RETURN Protocol Information


Facsimile HDLC Protocol Overview

This document discusses the ubiquitous Group 3 FAX machine, and it’s use of an HDLC protocol for FAX control purposes. Nearly all Group 3 FAX machines transmit this HDLC protocol information at a rate of 300 BPS, although 2400 BPS is an option.


The preamble precedes all binary coded information whenever transmission begins in any new direction (e.g. at each “Line Turn-Around” time). The preamble consists of a series of flag characters for 1 Second +/- 15% (850 mS to 1.15 S), at a rate of 300 BPS.

HDLC Frame Structure

The HDLC frame contains a beginning flag, a single byte address field, a single byte control field. The control field is then followed by a variable length information field and a Frame Check Sequence (FCS) that is two bytes (16 bits) long.

  • Flag
  • Address
  • Control
  • Information Field
  • Frame Check Sequence

Flag Sequence

The flag sequence is used for synchronization and is comprised of a single 8-bit (1 byte) sequence of “01111110” (hex “7E”). Continued transmission of the flag sequence may be used to signal to the distant station that that device remains on-line but is not prepared for further FAX processes.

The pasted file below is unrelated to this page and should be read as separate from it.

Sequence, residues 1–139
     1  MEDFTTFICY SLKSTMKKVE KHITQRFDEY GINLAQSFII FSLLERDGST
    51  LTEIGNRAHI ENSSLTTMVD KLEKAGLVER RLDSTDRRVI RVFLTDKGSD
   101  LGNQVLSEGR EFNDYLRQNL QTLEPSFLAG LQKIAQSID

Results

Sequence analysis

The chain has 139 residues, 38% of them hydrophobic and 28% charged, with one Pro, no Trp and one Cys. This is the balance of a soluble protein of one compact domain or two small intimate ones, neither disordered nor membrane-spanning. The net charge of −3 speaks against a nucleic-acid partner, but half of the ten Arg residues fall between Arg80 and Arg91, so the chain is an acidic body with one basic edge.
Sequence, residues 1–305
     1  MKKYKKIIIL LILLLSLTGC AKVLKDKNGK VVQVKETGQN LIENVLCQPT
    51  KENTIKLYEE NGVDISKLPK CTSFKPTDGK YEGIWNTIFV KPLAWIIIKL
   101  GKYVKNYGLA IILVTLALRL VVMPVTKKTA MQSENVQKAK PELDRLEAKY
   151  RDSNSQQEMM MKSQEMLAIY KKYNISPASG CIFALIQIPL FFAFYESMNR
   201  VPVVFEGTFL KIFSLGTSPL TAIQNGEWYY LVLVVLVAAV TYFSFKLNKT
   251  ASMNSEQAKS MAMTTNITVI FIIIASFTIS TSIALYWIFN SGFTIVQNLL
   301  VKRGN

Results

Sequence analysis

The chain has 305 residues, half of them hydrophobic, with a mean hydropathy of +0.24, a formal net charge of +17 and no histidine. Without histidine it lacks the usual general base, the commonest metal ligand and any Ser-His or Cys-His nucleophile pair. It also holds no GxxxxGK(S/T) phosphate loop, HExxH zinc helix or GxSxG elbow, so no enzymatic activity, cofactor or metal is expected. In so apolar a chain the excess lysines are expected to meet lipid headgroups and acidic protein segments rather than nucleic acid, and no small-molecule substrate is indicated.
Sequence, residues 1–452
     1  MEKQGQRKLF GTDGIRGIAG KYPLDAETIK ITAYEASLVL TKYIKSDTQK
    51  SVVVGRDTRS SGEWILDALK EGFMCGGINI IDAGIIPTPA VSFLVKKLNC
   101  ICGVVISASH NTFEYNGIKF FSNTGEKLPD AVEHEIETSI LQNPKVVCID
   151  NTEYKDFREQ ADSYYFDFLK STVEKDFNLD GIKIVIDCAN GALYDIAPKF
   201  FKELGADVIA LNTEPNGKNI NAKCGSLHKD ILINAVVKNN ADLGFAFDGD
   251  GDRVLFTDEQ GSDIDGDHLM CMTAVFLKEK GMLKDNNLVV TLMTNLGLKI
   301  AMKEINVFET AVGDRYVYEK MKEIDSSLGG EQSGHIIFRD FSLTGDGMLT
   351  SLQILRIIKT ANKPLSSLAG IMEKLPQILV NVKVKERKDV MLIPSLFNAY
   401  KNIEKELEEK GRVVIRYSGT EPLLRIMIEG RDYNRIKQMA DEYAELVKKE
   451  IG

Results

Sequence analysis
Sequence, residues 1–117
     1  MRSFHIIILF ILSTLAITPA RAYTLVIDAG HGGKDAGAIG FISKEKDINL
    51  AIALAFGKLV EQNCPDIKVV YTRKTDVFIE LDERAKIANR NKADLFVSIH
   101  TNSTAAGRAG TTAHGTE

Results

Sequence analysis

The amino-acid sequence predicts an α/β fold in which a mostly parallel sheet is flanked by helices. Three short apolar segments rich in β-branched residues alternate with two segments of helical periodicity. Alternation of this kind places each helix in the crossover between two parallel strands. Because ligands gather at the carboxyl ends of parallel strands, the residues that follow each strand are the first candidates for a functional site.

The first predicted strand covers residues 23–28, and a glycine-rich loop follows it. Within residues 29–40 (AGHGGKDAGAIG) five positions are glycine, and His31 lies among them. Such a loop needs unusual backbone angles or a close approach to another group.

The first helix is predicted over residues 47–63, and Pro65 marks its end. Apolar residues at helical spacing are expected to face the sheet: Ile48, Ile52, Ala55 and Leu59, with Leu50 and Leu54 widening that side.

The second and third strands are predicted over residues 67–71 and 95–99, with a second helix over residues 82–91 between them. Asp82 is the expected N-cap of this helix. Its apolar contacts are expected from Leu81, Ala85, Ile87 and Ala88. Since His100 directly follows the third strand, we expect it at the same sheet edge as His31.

Address Field

The address field is comprised of a single 8-bit byte, with the bit sequence of “11111111” (hex “FF”).

Control Field

The control field is again comprised of a single 8-bit byte. This byte has the bit sequence of “1100X000”. The value of X equals “0” when this is a non-final frame, while the value of X equals “1” for final frames within a procedure.

Information Field

The information field may be of variable length and is actually comprised of two distinct elements; the FAX Control Field (FCF) and the FAX Information Field (FIF).

Frame Check Sequence

The FCS is comprised of 16-bits (2 bytes) that represent a standard CCITT FCS polynomial. This field is used by the recipient to determine the accuracy of the information received.

The generator polynomial used is: X16 + X12 + X5 + 1. The ITU/CCITT CRC check (CRC-CCITT) is not the same polynomial that is used in IBM Bisync (CRC-16).


The CRC process has the advantage that the current shift register state is based upon the past history of bits. Therefore, it is very robust in picking up bursts of errors. In fact, the CRC check will detect 99.9% of all error bursts greater than 16 bits in length.

Line Error Control

The transmission of a response is permitted only when receiving a VALID command. Upon timeout (3 S +/- 15%) the transmitting station will retransmit the command.

However, an optional CRP (Command Repeat) message may be sent from the receiver requesting the retransmittal of the command. The use of the OPTIONAL CRP message can shorten the retransmission time (e.g. the Sender does not have to wait for the expiration of the 3 second timer).